Published: October 15, 2018
Review and Photos by Greg Smith
NEW YORK CITY — The stories poured out of media outlets in July: New York auctioneer David Killen found six unsigned paintings from abstract expressionist master Willem de Kooning in a storage locker. He paid $15,000 for the lot. By the auctioneer’s count, there had been more than 100 stories published, starting with the New York Post, then on ABC and The Guardian, and when AP wrote about it, the international media ran with the story to Japan, Istanbul, Cairo and more.
The story goes that the storage locker contained the remnants of famed New York conservator Orrin Riley’s conservation studio. Riley was well-known in art circles and founded the conservation department at the Guggenheim Museum. When Riley died in 1986, his studio and its contents turned over to his wife, Susanne Schnitzer. When she passed away in 2009 in a motor vehicle accident, efforts were made to return everything possible from the studio’s records, but some 200 works remained. Following a long period of due diligence, the New York Attorney General’s office declared the contents abandoned, releasing the estate from its obligations and giving them carte blanche to do as they wished. They offered it to a New York auction house, who declined and deferred to Killen, who said yes and offered $15,000. He assumed he could pad his regular sales with the art and make out on top.
While loading the contents into his truck, the auctioneer found a box labeled “de Kooning pulloffs,” which contained six paintings of various sizes, all unsigned. The saga began.
“It’s been a process, no question,” Killen said on the two-year journey that brought these works to sale. “I think, in some ways, there has been a psychological exhaustion; there were a lot of dangling questions and entanglements. There were people questioning the provenance. While Orrin Riley was a superstar in the conservation world, nobody outside of his world had heard of him. You’d have to have a Picasso painting that needed repair to even hear his name.”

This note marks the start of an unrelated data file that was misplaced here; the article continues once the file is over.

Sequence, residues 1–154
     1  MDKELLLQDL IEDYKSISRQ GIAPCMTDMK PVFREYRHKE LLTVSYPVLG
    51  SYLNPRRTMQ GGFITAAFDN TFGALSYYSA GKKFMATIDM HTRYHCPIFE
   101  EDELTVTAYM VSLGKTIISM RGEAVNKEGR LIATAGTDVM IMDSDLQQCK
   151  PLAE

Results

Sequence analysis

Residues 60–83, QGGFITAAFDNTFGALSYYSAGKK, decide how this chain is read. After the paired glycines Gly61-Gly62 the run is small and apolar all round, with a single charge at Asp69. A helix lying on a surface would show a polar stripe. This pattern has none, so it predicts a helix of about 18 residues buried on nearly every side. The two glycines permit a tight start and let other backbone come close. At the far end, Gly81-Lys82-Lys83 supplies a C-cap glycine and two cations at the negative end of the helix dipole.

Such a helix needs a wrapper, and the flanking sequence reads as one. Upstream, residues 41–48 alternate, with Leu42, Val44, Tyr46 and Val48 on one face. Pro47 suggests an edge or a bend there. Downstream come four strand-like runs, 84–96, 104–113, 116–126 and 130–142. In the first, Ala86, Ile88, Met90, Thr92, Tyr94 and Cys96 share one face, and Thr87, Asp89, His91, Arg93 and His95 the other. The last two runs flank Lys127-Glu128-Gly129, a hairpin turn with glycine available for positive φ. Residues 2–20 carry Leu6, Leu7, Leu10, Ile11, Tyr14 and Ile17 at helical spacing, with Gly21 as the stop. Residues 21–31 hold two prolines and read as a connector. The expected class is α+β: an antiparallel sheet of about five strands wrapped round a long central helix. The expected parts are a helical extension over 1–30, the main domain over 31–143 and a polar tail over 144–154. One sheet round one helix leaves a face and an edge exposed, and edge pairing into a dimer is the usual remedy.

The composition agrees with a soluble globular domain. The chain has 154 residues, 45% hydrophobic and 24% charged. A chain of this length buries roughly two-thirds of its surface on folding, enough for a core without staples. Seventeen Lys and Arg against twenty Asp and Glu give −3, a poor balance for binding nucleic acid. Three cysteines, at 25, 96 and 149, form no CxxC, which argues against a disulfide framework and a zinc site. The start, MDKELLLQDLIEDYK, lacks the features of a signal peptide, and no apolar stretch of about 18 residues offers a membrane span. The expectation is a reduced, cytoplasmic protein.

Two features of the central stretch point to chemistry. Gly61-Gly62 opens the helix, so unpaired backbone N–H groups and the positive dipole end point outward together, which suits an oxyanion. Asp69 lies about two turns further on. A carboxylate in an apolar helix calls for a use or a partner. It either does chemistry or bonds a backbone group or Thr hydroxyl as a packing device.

Killen reached out to Lawrence Castagna, an art conservator in East Hampton, N.Y., who had a unique employment history, having worked as a studio assistant for de Kooning and his wife before working for Orrin Riley. As the de Kooning Foundation does not authenticate works, Castagna was a healthy step towards building expert and collector consensus. And from the moment Casatagna saw Killen’s de Koonings, he believed they were real.
“When I first looked at the stack, I could just see a corner of one piece on the top,” Castagna said, recounting his first experience with the works. “It was a gut feeling of the situation. The type of paper and the way the paint was applied. In my opinion, it was real. As I continued to help David with the process, I became more convinced. I knew the tools that he used and his brushwork. People can try to duplicate it, but it’s like a handwriting signature. It becomes very inherent.”
As the story broke and a combination of healthy skepticism and excitement began to build, the public was left to wait for October 14, when the first two of the six de Koonings, plus a Paul Klee from the same locker, were set to sell.
About 60 people filled the room in David Killen’s gallery, most of them bidding on one of the other 200 lots in the sale. An hour in, the first Willem de Kooning painting, an abstract oil on newspaper, 22½ by 29 inches, made its way to the block.
Killen paused for a moment with the painting under his arm, like an old friend, as he began talking about the story that had swept the world over.